Archive for December, 2010

What is inclusive growth?

December 23, 2010

K. C. Chakrabarty, Deputy Governor of  RBI in this speech clarifies the meaning of inclusive growth.

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Impact of corruption on American Recovery and Reinvestment Act

December 23, 2010

One generally gets to read such papers for emerging/developing economies. It is interesting to read them in developed country context.

Anders Sundell of University of Gothenburg in this paper says US states which are more corrupt ended up being more efficient in stimulus spending and creating more jobs:

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Friedman on Euro

December 22, 2010

I came across this Milton Friedman speech where he talks about howe Canada has gained from flexible exchange rates.

At the end Michael Bordo asks him a q on Euro:

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The Inequality that matters

December 22, 2010

This is the title of an article/paper by Tyler Cowen. He throws light on the matter in typical Cowen style. He says much of the inequality fears are bogus but some issues deserve more attention that they are getting (Wall Street risky behavior).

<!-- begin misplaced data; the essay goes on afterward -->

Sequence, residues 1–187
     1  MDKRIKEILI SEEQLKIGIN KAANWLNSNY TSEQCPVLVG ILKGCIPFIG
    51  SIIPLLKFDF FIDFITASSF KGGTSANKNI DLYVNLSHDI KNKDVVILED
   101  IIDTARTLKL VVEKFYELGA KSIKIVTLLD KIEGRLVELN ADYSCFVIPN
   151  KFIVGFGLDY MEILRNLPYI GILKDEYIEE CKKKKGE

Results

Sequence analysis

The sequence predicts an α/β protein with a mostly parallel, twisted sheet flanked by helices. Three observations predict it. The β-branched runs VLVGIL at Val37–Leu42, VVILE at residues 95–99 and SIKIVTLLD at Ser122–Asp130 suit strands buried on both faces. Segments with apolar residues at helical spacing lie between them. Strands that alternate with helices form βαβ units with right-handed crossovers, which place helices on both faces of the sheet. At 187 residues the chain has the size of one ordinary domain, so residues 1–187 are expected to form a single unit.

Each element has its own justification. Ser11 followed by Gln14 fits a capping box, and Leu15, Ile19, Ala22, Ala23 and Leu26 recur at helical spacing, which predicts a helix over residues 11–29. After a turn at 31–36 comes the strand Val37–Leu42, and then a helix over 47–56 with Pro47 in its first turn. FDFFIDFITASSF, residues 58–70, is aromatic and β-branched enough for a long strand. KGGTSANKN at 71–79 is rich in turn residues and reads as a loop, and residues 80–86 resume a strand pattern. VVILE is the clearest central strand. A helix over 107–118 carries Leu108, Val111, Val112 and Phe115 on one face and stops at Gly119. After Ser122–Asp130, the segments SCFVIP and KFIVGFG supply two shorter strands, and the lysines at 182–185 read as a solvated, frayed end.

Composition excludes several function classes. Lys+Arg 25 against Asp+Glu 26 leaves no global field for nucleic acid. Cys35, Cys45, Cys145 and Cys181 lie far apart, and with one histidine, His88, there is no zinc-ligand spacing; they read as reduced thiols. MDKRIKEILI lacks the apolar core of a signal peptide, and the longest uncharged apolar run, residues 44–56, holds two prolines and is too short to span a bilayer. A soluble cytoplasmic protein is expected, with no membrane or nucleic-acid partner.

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How has India managed the impossible trinity over the years?

December 22, 2010

Michael Hutchison, Rajeswari Sengupta and Nirvikar Singh have written this amazing paper (see the ppt for a quicker understanding).

They develop an impossible trinity index for India and see how it has moved/changed over the years. Impossible Trinity means one cannot manage exchange rates, price stability and capital account openness together. One has to give up one of the objectives and there is a trade-off. Read this superb paper from Joshua Aizenamann to understand the trade-offs. Also my two attempts to explain the idea from an Asian and Indian perspective.

Coming back to the paper. So what the authors do is track these trilemma variables over a period of time. In sum, the authors measure tradeoff between financial integration, exchange rate stability and monetary independence in India.

The hypothesis is as India has opened up over the years, one should see either loss of monetary independence or loss of exchange rate stability. And this indeed is the case.

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Primary Dealer System in Ghana??

December 21, 2010